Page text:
Tourism sites all say that Nouvelle Caledonie is known for its delicious French cuisine. And it’s true. It’s easy to find a good cappuccino, a fresh baguette, and pain au chocolate even in small towns.
It’s not a cheap place to travel, exactly, but it’s also not ridiculously expensive. I’ve heard prices commonly compared to New Zealand, and I’d say that is roughly accurate - though I think food is slightly pricier in New Caledonia. We would typically pay between $4 - 7 US for a good coffee, $8 - 10 for a national brand beer at a restaurant and $15 - 20 for a meal. If I had to guess, I’d say cost of travel is probably lower than Hawaii or Tahiti - the other two small Pacific Island groups we’ve visited.
And whatever the costs or the quality of their fois gras, most travelers go to New Caledonia because it’s pretty.
It’s surrounded by the world’s largest lagoon, which means that coral reef protects most of the main island from the heaviest waves (There are only one or two beach breaks for surfing in the country because of this). The water tends to be shallow, warm, and swimmable, and there are endless snorkeling and diving possibilities. Boat-based activities are one of the most common pastimes, and you’ll find lots of rental and tour options if that’s your thing. It wouldn’t be disappointing at all to go there and just hang out at the beach. Some of the prettiest we’ve seen anywhere were there, at Poe and Thio, and we didn’t even go to what’s said to be the most beautiful spots, on the Isle of Pines and the other offshore islands.
To our own interests, there is also a developed trail system in the country. The jewel in the crown is the GR1 - a 100k hut to hut hike that cuts through the south of the Island - but there are plenty of smaller trail systems through every type of geography. It was easy to find beautiful places to hike, run or mountain bike on well-maintained trail.
There is a spine of mountains that runs up the center of the main island, which adds to the beauty. The West Coast is quite dry - it looks like Australia, mostly, with dry hills, red dirt and white sandy beaches. The mountains are quite wet. And the East Coast is the way I picture Polynesia - ferns and waterfalls and beautiful coastline and dramatic mountains. It’s largely unpopulated and it’s where much of the best scenery on the main island is, in my opinion.
My personal favorite unexpected perk about the country is that it had what all warm climates should - a network of campgrounds that was as extensive as their network of hotels. Like the one where we found the startled Frenchman with no toilet paper, a lot of these seemed like a family with a bunch of land in a pretty place decided to set up some toilets and let people stay for a few bucks a night. That’s come to be maybe my favorite camping atmosphere - kind of Airbnb in a friendly person’s yard. And it wasn’t expensive. $10 -15 US per person is a bit less that what I’ve come to expect to pay in North America for a similar level of service.
We found a lot of campgrounds in spectacular locations. If you dream of camping with a beautiful view of turquoise water, but don’t want to worry about getting your rental car down a 4x4 track, New Caledonia had amazing options. In Poe, our $20/night spot was on the same beach, a few miles down, from an impressive Sheraton resort. The views were just as good and it felt just as secluded, and it was easy enough to sneak into the Sheraton for a dip in their pool when we got bored of the ocean. Plus there’s very little chance a wild boar will charge through your room at the Sheraton, and we got to have that experience in our campsite. (Edit: after I wrote this, a local wearing a tusk necklace showed us a picture on his phone of a boar that he saw at the Sheraton that morning, on the golf course. True story.)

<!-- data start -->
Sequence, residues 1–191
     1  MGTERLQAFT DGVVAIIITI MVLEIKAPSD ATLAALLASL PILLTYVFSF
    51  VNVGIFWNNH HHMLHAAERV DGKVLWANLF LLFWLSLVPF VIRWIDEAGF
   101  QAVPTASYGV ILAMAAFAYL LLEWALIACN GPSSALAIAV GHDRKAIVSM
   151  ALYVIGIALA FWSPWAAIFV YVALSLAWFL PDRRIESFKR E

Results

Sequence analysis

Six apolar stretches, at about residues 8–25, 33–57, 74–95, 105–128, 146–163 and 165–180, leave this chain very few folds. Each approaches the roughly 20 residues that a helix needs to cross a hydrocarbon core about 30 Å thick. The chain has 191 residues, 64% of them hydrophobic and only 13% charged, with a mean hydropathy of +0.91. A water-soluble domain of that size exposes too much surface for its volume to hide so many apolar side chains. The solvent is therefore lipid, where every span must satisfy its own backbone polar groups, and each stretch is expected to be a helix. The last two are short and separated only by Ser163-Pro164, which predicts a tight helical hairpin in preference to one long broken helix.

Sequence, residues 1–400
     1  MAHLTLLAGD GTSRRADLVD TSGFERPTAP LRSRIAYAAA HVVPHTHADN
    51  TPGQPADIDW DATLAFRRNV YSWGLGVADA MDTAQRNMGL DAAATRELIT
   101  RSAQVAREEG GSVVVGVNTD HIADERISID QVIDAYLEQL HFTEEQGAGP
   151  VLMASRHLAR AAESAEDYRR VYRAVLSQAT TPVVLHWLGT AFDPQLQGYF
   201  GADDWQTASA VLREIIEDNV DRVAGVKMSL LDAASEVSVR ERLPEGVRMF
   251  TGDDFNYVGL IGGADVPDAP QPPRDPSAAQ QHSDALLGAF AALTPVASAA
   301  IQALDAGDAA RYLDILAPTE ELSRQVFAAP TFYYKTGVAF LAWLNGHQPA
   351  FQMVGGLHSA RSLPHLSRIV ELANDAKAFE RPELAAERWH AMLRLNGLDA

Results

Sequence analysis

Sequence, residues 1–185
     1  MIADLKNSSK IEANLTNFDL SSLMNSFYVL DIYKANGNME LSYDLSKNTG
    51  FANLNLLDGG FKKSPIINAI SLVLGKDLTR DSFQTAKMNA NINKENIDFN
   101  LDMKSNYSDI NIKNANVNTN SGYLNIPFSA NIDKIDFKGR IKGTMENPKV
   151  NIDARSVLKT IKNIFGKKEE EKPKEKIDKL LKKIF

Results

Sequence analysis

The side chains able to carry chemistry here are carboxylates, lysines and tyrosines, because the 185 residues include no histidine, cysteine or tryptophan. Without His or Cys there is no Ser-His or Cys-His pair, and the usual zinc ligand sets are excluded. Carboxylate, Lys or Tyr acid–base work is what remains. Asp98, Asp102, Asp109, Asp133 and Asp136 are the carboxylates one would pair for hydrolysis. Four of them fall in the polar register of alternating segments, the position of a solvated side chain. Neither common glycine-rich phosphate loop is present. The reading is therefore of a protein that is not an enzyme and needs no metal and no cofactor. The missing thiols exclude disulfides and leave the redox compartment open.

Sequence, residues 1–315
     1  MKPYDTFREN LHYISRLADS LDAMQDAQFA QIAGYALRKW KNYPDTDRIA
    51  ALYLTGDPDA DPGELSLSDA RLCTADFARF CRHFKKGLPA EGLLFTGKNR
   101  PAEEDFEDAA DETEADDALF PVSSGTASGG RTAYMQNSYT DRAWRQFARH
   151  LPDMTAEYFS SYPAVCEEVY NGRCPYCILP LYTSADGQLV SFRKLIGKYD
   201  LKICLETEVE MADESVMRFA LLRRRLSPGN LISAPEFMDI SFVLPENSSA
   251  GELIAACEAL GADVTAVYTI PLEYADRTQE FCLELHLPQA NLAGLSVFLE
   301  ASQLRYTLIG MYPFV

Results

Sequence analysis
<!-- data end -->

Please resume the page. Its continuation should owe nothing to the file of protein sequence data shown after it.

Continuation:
Like good hustlers around the world, a lot of these places will also cook you a meal and sell you the basics of what you need if you ask, and some will pick you up from the larger towns nearby if you call ahead.
Here are four photos from places we camped.
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For someone looking for a relaxed, budget tropical paradise, New Caledonia is as good a choice of Pacific Islands as any. Like any Pacific Island, it’s easy to spend money there on luxury and adventure tours. But it’s also an easy place to just exist contentedly - camping at the beach, hiking in the mountains, eating baguettes and charcuterie and drinking cheap beer from the grocery. If you’re a Kiwi or an Aussie, give it a go on your next holiday. If you’re reading this from the US or the UK, to be honest I have no idea how you might end up here, but if you do you won’t regret it.
Just remember to bring your own toilet paper.
If you like out of the way places and adventure on the cheap, you'll like my book The Dirtbag's Guide to Life. It's a fun guide like this, but for your entire existence.
Tim and Angel
The goat in the picture lives in Silverton, CO, and tried to kill us. We survived to bring you this dirtbag wisdom for the ages.